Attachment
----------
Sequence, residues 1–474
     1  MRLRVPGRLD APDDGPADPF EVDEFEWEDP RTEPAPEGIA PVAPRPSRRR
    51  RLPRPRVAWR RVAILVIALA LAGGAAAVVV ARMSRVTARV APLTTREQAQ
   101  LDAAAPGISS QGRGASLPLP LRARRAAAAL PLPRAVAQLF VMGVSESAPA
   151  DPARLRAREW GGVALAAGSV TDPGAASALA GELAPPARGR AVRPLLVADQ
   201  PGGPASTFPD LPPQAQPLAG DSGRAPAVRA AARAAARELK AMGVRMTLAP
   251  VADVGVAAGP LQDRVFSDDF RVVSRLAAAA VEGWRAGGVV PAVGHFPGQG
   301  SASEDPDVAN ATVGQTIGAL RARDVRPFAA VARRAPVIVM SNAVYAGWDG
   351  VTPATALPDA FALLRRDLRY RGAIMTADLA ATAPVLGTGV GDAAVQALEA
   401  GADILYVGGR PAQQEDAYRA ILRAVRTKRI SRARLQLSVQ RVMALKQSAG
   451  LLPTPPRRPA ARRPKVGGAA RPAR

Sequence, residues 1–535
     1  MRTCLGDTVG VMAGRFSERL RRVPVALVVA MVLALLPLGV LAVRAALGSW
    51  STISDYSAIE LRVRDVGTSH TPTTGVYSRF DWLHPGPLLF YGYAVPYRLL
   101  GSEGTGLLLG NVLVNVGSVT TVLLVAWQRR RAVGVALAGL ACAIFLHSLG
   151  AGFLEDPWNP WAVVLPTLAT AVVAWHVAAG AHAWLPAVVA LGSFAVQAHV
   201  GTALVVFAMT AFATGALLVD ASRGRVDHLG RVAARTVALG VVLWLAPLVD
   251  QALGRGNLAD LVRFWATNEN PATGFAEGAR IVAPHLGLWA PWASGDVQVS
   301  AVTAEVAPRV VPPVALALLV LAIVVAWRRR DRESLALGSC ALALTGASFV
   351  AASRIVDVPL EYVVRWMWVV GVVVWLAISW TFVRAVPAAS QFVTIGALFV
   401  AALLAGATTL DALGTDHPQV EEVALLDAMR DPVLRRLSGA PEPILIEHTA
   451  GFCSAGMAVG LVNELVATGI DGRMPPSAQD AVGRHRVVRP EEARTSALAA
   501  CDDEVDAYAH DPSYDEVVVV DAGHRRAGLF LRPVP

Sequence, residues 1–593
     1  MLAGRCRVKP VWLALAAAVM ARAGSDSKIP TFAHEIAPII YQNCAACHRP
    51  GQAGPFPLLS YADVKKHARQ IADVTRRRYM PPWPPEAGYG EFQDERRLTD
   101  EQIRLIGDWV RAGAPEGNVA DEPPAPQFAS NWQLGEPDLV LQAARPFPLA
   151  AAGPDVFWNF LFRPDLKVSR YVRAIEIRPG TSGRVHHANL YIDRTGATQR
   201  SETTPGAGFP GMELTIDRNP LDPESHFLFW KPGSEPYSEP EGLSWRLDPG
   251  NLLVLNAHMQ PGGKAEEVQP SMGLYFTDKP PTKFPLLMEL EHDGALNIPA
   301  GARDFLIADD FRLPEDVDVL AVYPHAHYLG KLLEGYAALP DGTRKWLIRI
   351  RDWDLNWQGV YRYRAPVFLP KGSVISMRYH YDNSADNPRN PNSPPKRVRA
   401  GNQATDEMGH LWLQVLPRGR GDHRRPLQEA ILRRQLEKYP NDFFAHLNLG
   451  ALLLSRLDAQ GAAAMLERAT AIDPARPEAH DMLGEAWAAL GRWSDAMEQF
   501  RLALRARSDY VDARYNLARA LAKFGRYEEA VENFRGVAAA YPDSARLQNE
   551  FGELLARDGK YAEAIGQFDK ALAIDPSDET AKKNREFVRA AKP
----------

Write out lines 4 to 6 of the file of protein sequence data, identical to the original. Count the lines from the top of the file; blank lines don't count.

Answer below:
   101  LDAAAPGISS QGRGASLPLP LRARRAAAAL PLPRAVAQLF VMGVSESAPA
   151  DPARLRAREW GGVALAAGSV TDPGAASALA GELAPPARGR AVRPLLVADQ
   201  PGGPASTFPD LPPQAQPLAG DSGRAPAVRA AARAAARELK AMGVRMTLAP